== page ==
The sight of a noted critic of Rodrigo Duterte being placed under arrest bristles the senses. However, if you look deeper, the truth becomes obvious.
Let me tell you about freedom of press in the Philippines. We’ve already killed it once. On November 23, 2009, 34 journalists were murdered in the Ampatuan Massacre, an act that was later dubbed as the worst example of violence against the media in human history. Sadly, we own that legacy, and we are wary of the signs of a repeat.
Internationally, the arrest of Rappler’s Maria Ressa seems something similar, a governmental crackdown of a noted critic of an unpopular leader (read: Rodrigo Duterte).
That she might be, but that this is certainly not.
It may feel like the cold-blooded murder of the press, but I feel it is an excuse. One used to power the motivations of those opposed to the present administration.
Simply put, her arrest was related to a libel case filed against her (by a private individual) dating back to 2012. It is nothing else. Due to the furore (at home, but particularly, abroad), it now seems like a political issue. But there is no basis to tie Duterte to Ressa.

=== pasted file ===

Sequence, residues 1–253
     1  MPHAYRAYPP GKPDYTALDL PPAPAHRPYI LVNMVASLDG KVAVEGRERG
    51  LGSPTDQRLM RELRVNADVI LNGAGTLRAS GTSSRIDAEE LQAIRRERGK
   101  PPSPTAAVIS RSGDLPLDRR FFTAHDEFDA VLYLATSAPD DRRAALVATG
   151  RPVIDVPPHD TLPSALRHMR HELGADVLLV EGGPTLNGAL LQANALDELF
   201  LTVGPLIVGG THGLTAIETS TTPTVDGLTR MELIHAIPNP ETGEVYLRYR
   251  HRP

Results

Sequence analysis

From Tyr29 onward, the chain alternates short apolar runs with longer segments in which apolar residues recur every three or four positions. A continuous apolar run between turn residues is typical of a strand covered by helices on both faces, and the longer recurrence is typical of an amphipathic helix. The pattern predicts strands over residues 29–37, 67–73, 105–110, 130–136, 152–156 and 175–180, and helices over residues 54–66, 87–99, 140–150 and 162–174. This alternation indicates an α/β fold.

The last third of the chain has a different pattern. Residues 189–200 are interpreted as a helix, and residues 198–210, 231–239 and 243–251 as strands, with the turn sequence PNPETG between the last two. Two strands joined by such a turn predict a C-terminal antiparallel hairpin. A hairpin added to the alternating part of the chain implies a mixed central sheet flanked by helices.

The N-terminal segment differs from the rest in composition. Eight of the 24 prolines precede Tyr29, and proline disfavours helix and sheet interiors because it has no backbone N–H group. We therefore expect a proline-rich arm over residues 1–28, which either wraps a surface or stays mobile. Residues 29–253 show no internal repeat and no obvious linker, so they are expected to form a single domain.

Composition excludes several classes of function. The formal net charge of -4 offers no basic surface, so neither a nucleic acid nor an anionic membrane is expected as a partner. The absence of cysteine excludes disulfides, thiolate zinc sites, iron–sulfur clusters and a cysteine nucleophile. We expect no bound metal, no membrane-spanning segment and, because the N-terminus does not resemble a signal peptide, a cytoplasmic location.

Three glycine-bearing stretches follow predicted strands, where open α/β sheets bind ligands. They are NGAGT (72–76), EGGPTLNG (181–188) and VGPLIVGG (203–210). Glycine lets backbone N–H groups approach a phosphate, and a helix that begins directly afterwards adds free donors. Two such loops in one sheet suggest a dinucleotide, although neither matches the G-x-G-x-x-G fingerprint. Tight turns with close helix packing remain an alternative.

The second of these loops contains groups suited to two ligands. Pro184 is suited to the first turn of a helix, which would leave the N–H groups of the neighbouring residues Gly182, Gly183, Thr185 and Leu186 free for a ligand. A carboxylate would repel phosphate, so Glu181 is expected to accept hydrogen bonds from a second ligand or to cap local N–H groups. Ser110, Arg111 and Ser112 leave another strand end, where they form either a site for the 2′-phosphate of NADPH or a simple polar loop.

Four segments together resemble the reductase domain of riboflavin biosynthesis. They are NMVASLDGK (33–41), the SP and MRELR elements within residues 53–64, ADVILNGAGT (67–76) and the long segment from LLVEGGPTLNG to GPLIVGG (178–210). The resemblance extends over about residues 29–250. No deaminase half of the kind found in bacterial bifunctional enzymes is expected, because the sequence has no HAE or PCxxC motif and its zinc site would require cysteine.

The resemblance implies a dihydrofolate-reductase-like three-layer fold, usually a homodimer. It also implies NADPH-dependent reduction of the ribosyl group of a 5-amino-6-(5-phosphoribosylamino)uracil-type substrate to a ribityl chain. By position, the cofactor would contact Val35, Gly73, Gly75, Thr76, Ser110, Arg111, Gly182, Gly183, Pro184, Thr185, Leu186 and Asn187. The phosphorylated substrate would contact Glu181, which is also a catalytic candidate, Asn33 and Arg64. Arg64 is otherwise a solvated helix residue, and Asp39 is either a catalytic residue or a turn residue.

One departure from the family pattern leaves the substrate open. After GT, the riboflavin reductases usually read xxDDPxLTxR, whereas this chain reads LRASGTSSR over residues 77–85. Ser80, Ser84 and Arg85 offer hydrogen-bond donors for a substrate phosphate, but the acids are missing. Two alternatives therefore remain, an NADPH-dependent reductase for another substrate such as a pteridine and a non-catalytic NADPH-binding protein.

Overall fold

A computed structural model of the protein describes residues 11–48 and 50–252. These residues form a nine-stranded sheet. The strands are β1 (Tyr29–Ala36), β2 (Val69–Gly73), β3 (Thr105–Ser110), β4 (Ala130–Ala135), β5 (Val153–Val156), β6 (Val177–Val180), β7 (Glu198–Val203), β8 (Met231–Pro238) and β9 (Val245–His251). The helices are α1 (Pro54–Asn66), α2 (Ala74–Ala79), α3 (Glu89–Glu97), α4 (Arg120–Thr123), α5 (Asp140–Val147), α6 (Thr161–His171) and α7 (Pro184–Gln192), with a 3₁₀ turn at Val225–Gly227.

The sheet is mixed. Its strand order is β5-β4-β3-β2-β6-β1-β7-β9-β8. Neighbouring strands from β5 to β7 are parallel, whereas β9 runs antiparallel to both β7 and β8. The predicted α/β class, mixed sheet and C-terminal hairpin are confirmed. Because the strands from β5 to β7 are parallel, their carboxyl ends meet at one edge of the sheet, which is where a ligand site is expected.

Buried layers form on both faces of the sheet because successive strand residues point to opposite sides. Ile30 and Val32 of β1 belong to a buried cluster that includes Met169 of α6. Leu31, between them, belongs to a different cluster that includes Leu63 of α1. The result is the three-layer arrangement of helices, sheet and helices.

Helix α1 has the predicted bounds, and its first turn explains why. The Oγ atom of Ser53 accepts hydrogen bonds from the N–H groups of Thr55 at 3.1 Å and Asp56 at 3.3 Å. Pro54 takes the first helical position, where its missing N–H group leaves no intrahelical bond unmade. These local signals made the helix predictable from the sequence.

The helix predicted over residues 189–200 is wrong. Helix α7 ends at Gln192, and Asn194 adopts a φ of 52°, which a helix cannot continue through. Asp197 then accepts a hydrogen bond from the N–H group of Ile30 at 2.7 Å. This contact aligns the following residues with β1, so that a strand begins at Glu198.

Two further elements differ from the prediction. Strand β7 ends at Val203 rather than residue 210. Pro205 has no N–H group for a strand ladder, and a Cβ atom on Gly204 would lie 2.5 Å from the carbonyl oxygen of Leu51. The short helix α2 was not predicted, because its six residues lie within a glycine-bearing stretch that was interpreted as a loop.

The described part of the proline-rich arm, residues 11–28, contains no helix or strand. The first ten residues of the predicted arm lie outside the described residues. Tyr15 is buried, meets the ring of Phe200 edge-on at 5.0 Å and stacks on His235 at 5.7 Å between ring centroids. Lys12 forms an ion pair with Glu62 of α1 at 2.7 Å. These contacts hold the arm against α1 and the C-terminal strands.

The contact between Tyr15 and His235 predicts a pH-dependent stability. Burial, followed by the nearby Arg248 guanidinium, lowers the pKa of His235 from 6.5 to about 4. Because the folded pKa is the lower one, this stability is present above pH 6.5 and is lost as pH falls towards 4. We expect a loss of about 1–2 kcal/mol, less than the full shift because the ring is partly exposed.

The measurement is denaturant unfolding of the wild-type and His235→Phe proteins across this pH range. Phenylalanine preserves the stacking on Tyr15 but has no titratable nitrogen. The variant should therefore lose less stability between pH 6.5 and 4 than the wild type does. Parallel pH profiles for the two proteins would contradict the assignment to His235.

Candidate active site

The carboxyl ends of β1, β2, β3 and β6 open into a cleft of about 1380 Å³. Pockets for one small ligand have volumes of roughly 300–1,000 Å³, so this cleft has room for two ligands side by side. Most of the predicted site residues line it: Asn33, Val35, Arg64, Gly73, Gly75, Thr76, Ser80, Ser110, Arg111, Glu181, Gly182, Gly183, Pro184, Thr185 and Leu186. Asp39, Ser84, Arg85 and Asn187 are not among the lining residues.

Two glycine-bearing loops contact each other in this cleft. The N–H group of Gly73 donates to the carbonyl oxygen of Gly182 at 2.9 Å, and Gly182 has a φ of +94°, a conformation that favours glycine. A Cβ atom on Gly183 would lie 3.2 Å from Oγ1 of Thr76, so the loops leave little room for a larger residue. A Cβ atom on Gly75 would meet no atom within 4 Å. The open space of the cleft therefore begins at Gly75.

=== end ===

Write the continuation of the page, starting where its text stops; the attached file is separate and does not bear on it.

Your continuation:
Nevertheless, it rolls on. Baseless suspicions are aimed, and muck is raked.
The suspicion of suppression is ludicrous. You cannot cry about it while using free media coverage. The clear winner out of this is Maria Ressa, as she’s getting what she desires—attention of the press, and in turn, the people. I believe she’s using her right to free speech as armour to deflect from her own bending of it.
But, here we stand. A simple libel case magnified into a vast political issue, throwing mud at the President to see what sticks. As an honest citizen, one who dreams of a country united in peace, the media circus, and half-baked international speculations, are not welcome here.